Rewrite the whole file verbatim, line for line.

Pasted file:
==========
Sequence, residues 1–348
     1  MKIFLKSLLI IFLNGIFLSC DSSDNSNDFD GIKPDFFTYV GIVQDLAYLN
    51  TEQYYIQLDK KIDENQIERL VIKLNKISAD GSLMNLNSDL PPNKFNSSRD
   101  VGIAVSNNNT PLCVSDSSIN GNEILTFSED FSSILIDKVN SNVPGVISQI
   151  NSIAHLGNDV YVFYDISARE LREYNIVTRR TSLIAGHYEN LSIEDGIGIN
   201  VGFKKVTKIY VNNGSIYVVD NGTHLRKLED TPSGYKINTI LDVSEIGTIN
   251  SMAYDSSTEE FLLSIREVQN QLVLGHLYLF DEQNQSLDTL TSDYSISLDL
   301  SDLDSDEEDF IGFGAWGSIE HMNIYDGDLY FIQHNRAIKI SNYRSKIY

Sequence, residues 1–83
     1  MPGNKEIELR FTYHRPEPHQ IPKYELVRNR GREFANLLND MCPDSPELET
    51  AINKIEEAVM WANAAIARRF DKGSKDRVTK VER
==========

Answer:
Sequence, residues 1–348
     1  MKIFLKSLLI IFLNGIFLSC DSSDNSNDFD GIKPDFFTYV GIVQDLAYLN
    51  TEQYYIQLDK KIDENQIERL VIKLNKISAD GSLMNLNSDL PPNKFNSSRD
   101  VGIAVSNNNT PLCVSDSSIN GNEILTFSED FSSILIDKVN SNVPGVISQI
   151  NSIAHLGNDV YVFYDISARE LREYNIVTRR TSLIAGHYEN LSIEDGIGIN
   201  VGFKKVTKIY VNNGSIYVVD NGTHLRKLED TPSGYKINTI LDVSEIGTIN
   251  SMAYDSSTEE FLLSIREVQN QLVLGHLYLF DEQNQSLDTL TSDYSISLDL
   301  SDLDSDEEDF IGFGAWGSIE HMNIYDGDLY FIQHNRAIKI SNYRSKIY

Sequence, residues 1–83
     1  MPGNKEIELR FTYHRPEPHQ IPKYELVRNR GREFANLLND MCPDSPELET
    51  AINKIEEAVM WANAAIARRF DKGSKDRVTK VER